any filipinos here?

skittles

Rookie
Flip from pangasinan Holler! btw... neone here got a myspace? i dont really have any tennis buddies on myspace and i wanna represent Tennis. Peace
 

gmlasam

Hall of Fame
What ever happen to Cecil Mamit? He is the only Filipino that actually played the circuit that I know of.

Why is that? Is tennis popular in the Philippines? There aren't if not all any Filipinos playing the pro circuit.

That's too bad. I've played with some Filipinos, and they really move around the court.
 

atatu

Legend
I'm not sure, but I think Eric Taino is Filipino. You guys can correct me if I'm wrong. The Junio bros. from Fresno State played some satellite events also.
 

jayserinos99

Hall of Fame
^^ i think to answer your question, i believe it's the funding issue that prevents a lot of filipinos to play on the tour. i used to hit with a guy who played for the PI davis cup team a while ago and it was all about the lack of money to travel around and what not. there were a few pinoys that played college ball besides mamiit; rex calaunan played for UW a while ago.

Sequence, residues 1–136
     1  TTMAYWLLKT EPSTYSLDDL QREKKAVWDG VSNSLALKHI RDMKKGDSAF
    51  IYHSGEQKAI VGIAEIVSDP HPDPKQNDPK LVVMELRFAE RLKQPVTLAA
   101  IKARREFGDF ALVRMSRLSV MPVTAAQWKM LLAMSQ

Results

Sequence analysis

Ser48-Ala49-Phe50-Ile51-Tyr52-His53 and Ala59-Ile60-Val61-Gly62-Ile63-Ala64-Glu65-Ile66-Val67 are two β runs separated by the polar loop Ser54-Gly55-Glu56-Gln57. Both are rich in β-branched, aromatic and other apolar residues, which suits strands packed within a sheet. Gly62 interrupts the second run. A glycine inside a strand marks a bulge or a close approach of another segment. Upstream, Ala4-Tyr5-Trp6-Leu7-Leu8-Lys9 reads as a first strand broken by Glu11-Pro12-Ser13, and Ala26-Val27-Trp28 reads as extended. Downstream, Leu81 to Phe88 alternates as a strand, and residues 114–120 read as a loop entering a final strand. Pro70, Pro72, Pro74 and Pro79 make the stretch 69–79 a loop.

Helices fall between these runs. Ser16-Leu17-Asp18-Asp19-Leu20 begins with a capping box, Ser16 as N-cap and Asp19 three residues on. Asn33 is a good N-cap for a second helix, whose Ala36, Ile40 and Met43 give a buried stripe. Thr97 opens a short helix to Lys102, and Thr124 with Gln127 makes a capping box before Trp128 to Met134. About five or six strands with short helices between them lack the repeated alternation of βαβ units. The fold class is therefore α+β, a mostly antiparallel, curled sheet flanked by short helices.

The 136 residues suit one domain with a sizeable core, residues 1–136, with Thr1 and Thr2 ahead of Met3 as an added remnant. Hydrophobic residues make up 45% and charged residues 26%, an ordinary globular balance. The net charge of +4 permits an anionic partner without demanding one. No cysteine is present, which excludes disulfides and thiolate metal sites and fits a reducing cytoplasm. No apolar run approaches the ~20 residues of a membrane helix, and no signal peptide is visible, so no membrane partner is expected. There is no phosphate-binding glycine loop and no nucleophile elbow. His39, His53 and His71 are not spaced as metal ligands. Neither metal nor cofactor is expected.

Noelle

Hall Of Fame
What about the problem with visas? I think it might be hard for a person with a Filipino passport to get a visa just to be able to play at tennis tournaments around the world.
 

gmlasam

Hall of Fame
jayserinos99 said: